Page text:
And the proper psychological attitude toward competition? Well, implicitly I understood this from the race with my son. It came to me explicitly as a result of thinking about a discussion on ObjectivismOnline.com on personal motivation. Competition is a positive tool that we can use. It helps us to learn about the nature of the game we’re playing and to set intermediate goals. It gives us concrete gauges by which we can measure our own progress and performance. It is one of the ways that we turn productiveness into excellence. The same is true in business. The proper attitude is one of benevolence (and maybe a little rivalry) toward honest competition, and of respect and admiration for ability in our competitors.

And the implication for our would-be policy makers who fancy competition, as such? Simple. Focus on creating the causes of capitalism, namely namely individual liberties, and markets free from coercion. Only then will the effects be properly seen. However, if one tries to legislate the effects by short-circuiting the causes, failure is the only outcome.

The only actual factor required for the existence of free competition is: the unhampered, unobstructed operation of the mechanism of a free market. The only action which a government can take to protect free competition is: Laissez-faire! - Ayn Rand
My son passed three more runners that day, two (including yours truly) at the final sprint to the finish, which he initiated 200 yards before I would have. I never heard about the pain in his legs again. We have no idea how the runners we passed ended up, and it really doesn't matter, but I know that he ran longer and harder than he would have otherwise - because of the competition.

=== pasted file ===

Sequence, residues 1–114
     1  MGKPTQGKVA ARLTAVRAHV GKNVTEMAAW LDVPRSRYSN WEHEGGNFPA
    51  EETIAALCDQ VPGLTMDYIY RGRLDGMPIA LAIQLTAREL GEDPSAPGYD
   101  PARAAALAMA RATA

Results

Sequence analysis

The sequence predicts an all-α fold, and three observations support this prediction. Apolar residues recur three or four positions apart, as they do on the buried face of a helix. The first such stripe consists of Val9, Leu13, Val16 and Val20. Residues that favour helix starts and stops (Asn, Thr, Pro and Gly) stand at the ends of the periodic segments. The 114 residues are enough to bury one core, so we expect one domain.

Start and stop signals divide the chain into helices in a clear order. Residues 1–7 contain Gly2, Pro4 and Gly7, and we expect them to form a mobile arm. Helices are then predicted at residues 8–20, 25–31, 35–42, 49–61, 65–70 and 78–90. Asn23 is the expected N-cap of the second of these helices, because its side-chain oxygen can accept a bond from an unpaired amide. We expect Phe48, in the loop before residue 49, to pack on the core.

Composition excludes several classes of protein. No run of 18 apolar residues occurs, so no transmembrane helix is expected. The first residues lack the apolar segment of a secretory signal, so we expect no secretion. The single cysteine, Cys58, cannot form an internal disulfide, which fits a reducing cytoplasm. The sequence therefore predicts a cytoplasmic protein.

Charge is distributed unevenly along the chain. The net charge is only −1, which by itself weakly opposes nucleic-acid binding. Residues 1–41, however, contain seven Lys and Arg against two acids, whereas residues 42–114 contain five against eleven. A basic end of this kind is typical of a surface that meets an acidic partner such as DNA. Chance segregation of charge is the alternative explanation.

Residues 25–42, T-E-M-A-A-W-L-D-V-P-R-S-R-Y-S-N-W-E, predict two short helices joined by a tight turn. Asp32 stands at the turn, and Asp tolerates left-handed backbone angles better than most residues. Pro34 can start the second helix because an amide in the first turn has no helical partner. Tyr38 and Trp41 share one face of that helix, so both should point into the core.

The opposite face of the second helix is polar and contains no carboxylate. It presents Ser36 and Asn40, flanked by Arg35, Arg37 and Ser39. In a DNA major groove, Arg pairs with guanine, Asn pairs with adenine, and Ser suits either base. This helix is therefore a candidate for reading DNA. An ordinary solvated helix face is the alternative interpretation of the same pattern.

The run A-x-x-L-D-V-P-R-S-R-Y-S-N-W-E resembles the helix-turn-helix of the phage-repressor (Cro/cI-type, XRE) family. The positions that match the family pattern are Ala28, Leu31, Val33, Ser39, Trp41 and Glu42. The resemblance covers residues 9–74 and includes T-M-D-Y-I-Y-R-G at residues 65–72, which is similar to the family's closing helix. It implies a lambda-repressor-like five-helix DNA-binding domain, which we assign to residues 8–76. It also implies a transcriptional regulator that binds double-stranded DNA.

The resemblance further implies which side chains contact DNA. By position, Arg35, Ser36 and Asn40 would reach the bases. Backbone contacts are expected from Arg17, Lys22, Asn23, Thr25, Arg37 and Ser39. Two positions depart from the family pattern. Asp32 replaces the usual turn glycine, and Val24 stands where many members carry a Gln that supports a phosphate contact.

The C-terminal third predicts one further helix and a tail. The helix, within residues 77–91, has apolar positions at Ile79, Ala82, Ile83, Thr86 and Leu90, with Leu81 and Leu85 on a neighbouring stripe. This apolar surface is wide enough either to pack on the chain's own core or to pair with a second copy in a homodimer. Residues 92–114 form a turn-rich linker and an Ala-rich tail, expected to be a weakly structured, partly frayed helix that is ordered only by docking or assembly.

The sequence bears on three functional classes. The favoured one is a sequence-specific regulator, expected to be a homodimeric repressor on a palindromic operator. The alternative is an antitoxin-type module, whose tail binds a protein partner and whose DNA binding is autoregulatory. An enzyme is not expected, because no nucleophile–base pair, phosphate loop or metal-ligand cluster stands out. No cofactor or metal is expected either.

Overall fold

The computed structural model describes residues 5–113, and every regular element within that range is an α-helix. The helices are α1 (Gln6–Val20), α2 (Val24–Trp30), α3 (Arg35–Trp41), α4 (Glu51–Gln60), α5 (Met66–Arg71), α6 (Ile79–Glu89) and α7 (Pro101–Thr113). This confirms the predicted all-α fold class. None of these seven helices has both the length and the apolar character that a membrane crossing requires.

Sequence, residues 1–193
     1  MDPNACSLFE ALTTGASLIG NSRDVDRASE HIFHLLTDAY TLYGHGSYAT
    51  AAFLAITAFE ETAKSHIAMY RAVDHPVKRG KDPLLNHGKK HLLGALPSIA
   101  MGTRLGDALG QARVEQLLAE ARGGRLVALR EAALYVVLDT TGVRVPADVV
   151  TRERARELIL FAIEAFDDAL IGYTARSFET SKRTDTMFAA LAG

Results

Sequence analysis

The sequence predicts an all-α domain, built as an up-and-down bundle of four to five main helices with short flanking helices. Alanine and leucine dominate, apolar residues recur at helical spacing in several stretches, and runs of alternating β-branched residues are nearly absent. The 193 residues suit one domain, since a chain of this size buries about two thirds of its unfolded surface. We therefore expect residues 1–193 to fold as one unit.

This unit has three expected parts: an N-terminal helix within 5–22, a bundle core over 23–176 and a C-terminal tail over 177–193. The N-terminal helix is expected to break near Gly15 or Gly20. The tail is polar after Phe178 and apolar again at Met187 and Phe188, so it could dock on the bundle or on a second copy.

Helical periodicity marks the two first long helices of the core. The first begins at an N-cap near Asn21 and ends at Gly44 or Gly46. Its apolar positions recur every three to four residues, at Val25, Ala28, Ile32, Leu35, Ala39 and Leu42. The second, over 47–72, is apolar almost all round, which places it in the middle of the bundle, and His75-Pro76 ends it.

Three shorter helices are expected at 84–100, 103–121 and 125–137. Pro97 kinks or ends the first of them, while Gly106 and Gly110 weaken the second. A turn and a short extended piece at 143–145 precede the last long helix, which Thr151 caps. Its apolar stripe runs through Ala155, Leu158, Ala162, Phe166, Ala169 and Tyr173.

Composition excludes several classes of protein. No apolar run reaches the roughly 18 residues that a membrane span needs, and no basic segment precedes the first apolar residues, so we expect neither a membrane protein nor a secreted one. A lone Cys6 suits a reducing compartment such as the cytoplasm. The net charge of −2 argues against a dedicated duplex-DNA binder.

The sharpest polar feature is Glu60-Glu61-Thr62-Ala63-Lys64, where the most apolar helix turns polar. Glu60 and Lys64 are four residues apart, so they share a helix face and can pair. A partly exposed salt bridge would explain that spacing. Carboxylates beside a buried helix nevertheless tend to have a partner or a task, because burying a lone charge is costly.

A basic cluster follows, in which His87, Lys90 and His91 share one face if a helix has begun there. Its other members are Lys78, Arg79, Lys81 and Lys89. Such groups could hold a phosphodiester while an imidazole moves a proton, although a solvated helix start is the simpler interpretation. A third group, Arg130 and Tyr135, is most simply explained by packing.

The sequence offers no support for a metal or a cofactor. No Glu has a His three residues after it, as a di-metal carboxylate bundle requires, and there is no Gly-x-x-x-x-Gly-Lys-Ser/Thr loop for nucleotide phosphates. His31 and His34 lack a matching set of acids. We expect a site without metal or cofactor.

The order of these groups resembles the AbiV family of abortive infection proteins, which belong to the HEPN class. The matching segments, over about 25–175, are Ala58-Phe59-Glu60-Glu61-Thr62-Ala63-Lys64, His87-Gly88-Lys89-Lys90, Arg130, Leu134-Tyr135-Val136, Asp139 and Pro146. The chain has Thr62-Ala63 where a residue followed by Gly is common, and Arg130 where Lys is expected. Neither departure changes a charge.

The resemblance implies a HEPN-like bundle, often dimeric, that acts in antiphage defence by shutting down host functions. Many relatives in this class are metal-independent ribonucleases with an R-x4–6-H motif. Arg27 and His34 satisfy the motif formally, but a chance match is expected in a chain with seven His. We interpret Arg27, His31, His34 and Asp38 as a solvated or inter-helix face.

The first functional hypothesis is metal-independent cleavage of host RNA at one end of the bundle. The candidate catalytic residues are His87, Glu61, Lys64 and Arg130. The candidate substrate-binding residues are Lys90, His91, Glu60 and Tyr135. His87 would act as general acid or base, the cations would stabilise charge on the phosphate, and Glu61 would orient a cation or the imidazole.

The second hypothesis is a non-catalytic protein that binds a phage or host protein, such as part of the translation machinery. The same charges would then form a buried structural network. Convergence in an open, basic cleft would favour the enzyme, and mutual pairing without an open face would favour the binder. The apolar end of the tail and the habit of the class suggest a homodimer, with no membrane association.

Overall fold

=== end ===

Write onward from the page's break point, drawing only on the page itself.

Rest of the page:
Tuesday, May 01, 2007

Chavez Nationalizes Columbian Oil Projects

In a follow-up to my post on Bolivia's Evo Morales nationalization of Bolivia's oil fields, it seems that Latin Socialists are at it again. This time, it's Hugo Chavez who is holding ceremonies to nationalize four Columbian oil projects, pushing out national firms (now that they've done the hard work, of course)

There is no denying that natural resource, especially oil, artificially prop up socialist dictators by masking the damage done by their policies. And Mr. Chavez is on a mission to damage the United States as best he can. From May 1, 2007 Wall Street Journal article on the same topic.
...as long as Mr. Chávez is in charge, his government seems bent on favoring
state-run companies from governments he considers friendly. Consider the list of
winners of contracts handed out to companies to certify oil holdings in the
Orinoco region in the last two years: Vietnam, Iran, Brazil, and China. Last
month, PDVSA signed a deal with Belarus to work in the Orinoco. Meanwhile,
today's nationalization ceremony pushes out U.S. companies
Exxon
Mobil
Corp., ConocoPhillips and Chevron Corp., along with Britain's BP PLC, France's Total SA and Norway's Statoil ASA.

For a time I used to get frustrated about the artificial success of disgusting policies like these. I still chafe at the injustice, but I also know that once the oil becomes more expensive to develop and produce that the tarnish will show on Chavez' rhetoric and the rhetoric of those like him. The cost of extracting oil increases long before oil reservoirs are depleted (even Saudi Arabia's oil fields are nearing a marked increase in production cost once they shift to secondary production), but it happens slowly; enough time for at least one or two generations of socialist thugs like Chavez to prosper. Underneath however, one can see the impact that his policies are having.

However, Mr. Chávez's own policies may stand in the way of him carrying
out his plans. The leader's focus on social spending has turned PDVSA into a
poverty-alleviation ministry more than an oil company, and left the company with
little focus. Venezuela's output has fallen to 2.4 million barrels a day from
3.1 million barrels a day since Mr. Chávez took office in 1999. Mr. Chávez
recently paid off the last portion of debt owed the World Bank using Venezuela's
oil income and paid off all debts with the International Monetary Fund shortly
after taking office.

Raiding oil profits to pay off national debt and put the country on welfare (along with providing handouts to other socialist countries) will mean that when costs do go up. PDVSA won't have the resources to continue without help. Here's hoping that foreign oil companies don't give it to them, at least until someone better than Chavez is in office.